Russell became the Army's first official photographer and worked under General Haupt's direction, taking photos of busy army engineers' work -- especially on railroads. Which led to surviving the worst of that time of war, and segued naturally into an interest in photographing the construction of the Union Pacific railroad in 1868, only five years later. By that time, Russell's skills had been surely honed. You can see the evidence in the product. The railroad executives cooperated with Russell, of course, no dummies they, since they needed investors and politicians' support -- along with the public once the line was finished. Even the Shoshone Indians, to the right, posed for a photo. Behind them lies the unspoiled west, soon to host sprawling suburbs and strip malls within a hundred years.

Russell traveled three times out west between 1868 and 1869, with multiple cameras, chemicals, glass plates plus a portable darkroom. Yes, *glass* plates. And chemicals. Cameras like the Brownie box style or handy  Polaroids and digital models hadn't been invented back then, too bad. But despite the difficulties, using his own "wet-plate" negatives, Russell documented the railroad's construction work. Amazing.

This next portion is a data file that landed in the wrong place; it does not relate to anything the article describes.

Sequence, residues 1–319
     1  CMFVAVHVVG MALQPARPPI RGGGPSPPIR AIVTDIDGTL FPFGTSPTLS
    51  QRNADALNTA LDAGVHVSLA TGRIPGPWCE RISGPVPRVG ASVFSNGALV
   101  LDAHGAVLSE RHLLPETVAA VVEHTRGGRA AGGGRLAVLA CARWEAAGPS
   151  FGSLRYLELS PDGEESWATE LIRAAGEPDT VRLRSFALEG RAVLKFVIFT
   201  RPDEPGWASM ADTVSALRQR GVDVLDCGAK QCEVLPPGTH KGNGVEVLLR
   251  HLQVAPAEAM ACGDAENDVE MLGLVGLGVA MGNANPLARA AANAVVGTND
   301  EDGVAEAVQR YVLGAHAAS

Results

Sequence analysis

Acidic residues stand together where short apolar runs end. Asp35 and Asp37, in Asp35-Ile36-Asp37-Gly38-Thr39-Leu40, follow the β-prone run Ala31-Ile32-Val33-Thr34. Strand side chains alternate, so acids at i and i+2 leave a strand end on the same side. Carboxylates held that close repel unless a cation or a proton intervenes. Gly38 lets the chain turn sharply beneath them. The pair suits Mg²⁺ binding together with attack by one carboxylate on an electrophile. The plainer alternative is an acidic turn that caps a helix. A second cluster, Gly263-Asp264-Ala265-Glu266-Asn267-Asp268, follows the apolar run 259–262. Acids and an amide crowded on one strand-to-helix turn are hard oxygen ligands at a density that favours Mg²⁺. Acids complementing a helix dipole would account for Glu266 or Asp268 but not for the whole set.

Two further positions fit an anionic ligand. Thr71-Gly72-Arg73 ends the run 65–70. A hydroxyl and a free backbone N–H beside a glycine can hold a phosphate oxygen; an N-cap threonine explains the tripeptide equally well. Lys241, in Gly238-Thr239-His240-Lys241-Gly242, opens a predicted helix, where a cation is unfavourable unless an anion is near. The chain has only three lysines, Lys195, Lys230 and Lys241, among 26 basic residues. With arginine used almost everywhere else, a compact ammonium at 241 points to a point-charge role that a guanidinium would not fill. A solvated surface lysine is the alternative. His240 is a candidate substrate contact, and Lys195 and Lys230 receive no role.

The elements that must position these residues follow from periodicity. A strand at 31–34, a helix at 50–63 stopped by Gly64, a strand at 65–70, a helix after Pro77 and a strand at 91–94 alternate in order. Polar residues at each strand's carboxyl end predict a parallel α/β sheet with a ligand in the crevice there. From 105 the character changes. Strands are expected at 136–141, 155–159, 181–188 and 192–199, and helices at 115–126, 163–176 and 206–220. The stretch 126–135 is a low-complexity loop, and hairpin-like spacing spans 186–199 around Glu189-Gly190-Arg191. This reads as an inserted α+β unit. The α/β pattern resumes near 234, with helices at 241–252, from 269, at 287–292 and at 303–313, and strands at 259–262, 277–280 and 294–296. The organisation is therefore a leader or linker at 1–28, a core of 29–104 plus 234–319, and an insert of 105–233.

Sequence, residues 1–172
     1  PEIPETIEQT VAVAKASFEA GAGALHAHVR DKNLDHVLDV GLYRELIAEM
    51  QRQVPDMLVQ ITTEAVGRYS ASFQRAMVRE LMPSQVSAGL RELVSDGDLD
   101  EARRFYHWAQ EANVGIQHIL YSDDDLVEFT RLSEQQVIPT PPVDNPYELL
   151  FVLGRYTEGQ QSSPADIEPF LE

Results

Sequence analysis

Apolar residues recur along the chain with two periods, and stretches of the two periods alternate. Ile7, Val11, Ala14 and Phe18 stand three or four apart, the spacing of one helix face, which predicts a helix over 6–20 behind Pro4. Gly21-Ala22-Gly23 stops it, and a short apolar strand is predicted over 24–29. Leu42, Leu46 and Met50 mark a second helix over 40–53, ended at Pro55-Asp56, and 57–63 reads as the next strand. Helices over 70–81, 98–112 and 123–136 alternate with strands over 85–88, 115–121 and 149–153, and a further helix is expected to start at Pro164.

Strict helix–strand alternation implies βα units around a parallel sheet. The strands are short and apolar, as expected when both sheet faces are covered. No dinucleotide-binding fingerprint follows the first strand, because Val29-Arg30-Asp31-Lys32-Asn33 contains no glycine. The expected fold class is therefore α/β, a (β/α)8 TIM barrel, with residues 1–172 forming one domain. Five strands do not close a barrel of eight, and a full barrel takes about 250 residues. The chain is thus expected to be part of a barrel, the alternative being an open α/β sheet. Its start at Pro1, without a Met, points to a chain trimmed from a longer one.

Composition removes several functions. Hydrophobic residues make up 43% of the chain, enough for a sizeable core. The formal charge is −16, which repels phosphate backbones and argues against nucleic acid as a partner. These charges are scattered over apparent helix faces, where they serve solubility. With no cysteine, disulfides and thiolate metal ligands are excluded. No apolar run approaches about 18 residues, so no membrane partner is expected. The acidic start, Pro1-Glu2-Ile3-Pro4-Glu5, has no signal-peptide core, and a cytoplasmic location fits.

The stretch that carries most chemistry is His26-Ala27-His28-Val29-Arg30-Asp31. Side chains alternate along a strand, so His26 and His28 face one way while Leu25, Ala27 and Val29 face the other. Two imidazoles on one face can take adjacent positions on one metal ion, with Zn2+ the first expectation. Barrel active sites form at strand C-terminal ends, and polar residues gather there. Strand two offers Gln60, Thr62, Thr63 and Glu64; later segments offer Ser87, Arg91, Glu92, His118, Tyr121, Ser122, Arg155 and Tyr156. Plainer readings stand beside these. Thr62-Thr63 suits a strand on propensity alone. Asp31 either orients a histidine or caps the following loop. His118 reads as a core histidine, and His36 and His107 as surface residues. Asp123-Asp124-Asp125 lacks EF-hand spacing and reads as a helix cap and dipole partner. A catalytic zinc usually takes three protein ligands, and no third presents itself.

We have much to be thankful for when seeing these photographs. They show the American west at its most innocent, unspoiled time. Russell's work -- 200+ negatives and 400+ stereographs -- has a home in the Oakland Museum. They portray a changing America, a healing America, and the one major engineering feat that brought East and West together via the transcontinental railroad. His images were used in advertising, in a book put out by the Union Pacific, to illustrate guides for travelers and for public lecturers talking about the American West.

I don't know how much Russell earned from his photographs. Probably not enough. The photo to the right was taken by General Haupt, probably during the War of Rebellion -- known now as the Civil War, although there was nothing civil about it. He looks young, an adventurer and willing to undertake just about anything. Especially a project as daunting as traveling out west before the railroads had been completed.

Russell died in 1902, back in New York. I'd like to raise a Thanksgiving toast to Mr. Russell's memory. Thanks, A.J. We'd never have seen the west before it was truly conquered if not for your work.

Images courtesy of

Monday, November 12, 2012

The Real First Thanksgiving(s)

Cowboy turkey